In the long-running dispute between the owner of a small motivational services business and Oprah Winfrey and her various companies, the Southern District of New York ruled again for defendant Winfrey, and against the registrant plaintiff, this time on summary judgment.

Plaintiff hosts a radio show, holds conferences and retreats, and writes a blog around the concept of OWN YOUR POWER. She owns a federal registration for the mark in stylized format covering, inter alia, workshops and seminars in the field of entrepreneurship, marketing, business networking, and personal awareness; and providing live and online radio programs on the topic of entrepreneurship.

The case’s history dates back to O Magazine’s prominent use, on the cover of its October 2010 issue, of the phrase OWN YOUR POWER in connection with a series of articles on self- empowerment.

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The magazine subsequently presented an event titled OWN YOUR POWER, which it promoted on The Oprah Winfrey Show, in O Magazine, on the O website, and across social media described as the “First-Ever OWN YOUR POWER EVENT.” The event offered a seminar and workshop offering motivational advice regarding self-awareness, self-realization, and entrepreneurship. Following the event, Oprah placed OWN YOUR POWER video clips, banners, and content across 75 different webpages. Plaintiff sued.

In its first run at plaintiff’s infringement, counterfeiting, and other claims, the SDNY granted Oprah’s motion to dismiss, concluding that the phrase was used as a headline, not a trademark, was used descriptively, and was used in good faith without an intent to trade off plaintiff’s goodwill.

On appeal, the Second Circuit reversed, and thereby created a split in the circuits as to whether a use must constitute a trademark use to be actionable. The Second Circuit concluded that the Sixth Circuit’s affirmative answer set too high a standard, ruling that a plaintiff need only show that a mark was used in commerce and not that it was used as a mark. While agreeing with the district court that plaintiff’s vicarious infringement, contributory infringement, and counterfeiting claims should be dismissed, the Second Circuit found that the plaintiff had stated a valid claim for infringement by alleging that Oprah was attempting to build a new segment of her media empire around the OWN YOUR POWER catchphrase. The Second Circuit remanded the case to the SDNY for further consideration of that claim.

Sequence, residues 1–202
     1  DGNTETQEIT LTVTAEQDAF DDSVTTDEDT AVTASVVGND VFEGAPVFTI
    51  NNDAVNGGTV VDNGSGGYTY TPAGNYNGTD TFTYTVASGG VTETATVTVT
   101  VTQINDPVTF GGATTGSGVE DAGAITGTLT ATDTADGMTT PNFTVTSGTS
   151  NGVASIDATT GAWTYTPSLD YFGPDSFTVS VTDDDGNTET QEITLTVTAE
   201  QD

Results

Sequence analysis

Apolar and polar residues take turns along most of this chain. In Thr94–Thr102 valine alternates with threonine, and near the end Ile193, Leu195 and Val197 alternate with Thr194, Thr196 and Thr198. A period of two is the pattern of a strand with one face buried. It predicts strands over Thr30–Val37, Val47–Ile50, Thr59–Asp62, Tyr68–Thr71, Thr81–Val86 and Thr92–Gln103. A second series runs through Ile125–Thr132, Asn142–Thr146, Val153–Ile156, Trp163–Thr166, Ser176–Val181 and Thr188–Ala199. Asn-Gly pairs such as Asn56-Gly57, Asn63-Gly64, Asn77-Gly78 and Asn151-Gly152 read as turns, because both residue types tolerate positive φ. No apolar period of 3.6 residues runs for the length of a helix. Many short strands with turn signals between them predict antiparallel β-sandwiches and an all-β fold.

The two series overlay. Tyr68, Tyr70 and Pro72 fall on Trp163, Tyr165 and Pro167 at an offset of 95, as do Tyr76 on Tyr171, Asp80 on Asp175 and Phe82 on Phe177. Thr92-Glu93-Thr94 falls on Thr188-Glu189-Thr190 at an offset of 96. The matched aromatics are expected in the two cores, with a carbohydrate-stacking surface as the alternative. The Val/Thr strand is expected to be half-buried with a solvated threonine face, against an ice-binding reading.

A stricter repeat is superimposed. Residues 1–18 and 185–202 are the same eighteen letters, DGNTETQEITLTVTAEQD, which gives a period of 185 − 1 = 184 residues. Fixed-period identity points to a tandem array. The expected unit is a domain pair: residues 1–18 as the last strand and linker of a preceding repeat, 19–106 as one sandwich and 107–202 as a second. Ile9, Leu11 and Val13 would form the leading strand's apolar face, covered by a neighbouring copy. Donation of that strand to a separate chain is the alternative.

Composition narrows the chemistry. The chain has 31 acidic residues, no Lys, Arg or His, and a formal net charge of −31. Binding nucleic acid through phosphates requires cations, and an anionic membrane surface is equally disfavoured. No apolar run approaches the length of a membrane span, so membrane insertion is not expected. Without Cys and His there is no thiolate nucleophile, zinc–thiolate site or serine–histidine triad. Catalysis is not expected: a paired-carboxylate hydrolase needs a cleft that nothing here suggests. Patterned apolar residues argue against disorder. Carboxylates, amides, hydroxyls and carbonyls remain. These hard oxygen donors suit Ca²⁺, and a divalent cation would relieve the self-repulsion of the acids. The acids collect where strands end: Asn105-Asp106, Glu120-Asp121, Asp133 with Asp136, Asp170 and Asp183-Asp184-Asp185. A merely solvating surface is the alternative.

Following extensive discovery, and in direct contravention of some of the factual findings of the Circuit Court, the SDNY ruled again for Oprah, this time on summary judgment.

While acknowledging plaintiff’s ownership of a federal registration and the presumption of validity that follows therefrom, the district court pointed to the registration’s express disclaimer of the phrase “OWN YOUR POWER” in concluding that plaintiff’s rights were limited to the mark’s stylization, rather than the phrase itself. Finding that defendants had viably demonstrated that the OWN YOUR POWER mark was descriptive of the life/career empowerment services plaintiff provided, the court also concluded that despite extensive discovery plaintiff had failed to come close to raising a material fact as to the acquisition of secondary meaning in the mark.

While noting that it need not undertake a likelihood-of-confusion analysis, the court nevertheless proceeded to do so finding plaintiff’s mark lacked marketplace strength, the parties’ respective uses were dissimilar and unlikely to confuse consumers, and the parties’ platforms so distinct that cross-over confusion was not likely. In issuing its decision, the court’s clear sympathy for the Oprah organization was abundantly clear.

Finally, despite the directive of the Second Circuit and the lack of need to address the issue given its earlier findings, the district court nevertheless turned its attention back to the question of descriptive fair use, reiterating its earlier findings in Oprah’s favor. The SDNY rejected outright the suggestion of any persuasive evidence of a plan to create a sub-brand noting the defendants’ inconsistent use of the phrase and consistent use of its own established marks. The court thus concluded that the phrase OWN YOUR POWER was commonly used, was used in a descriptive non-trademark way, and was not used in bad faith, thereby concluding that the defendants’ use was a fair use.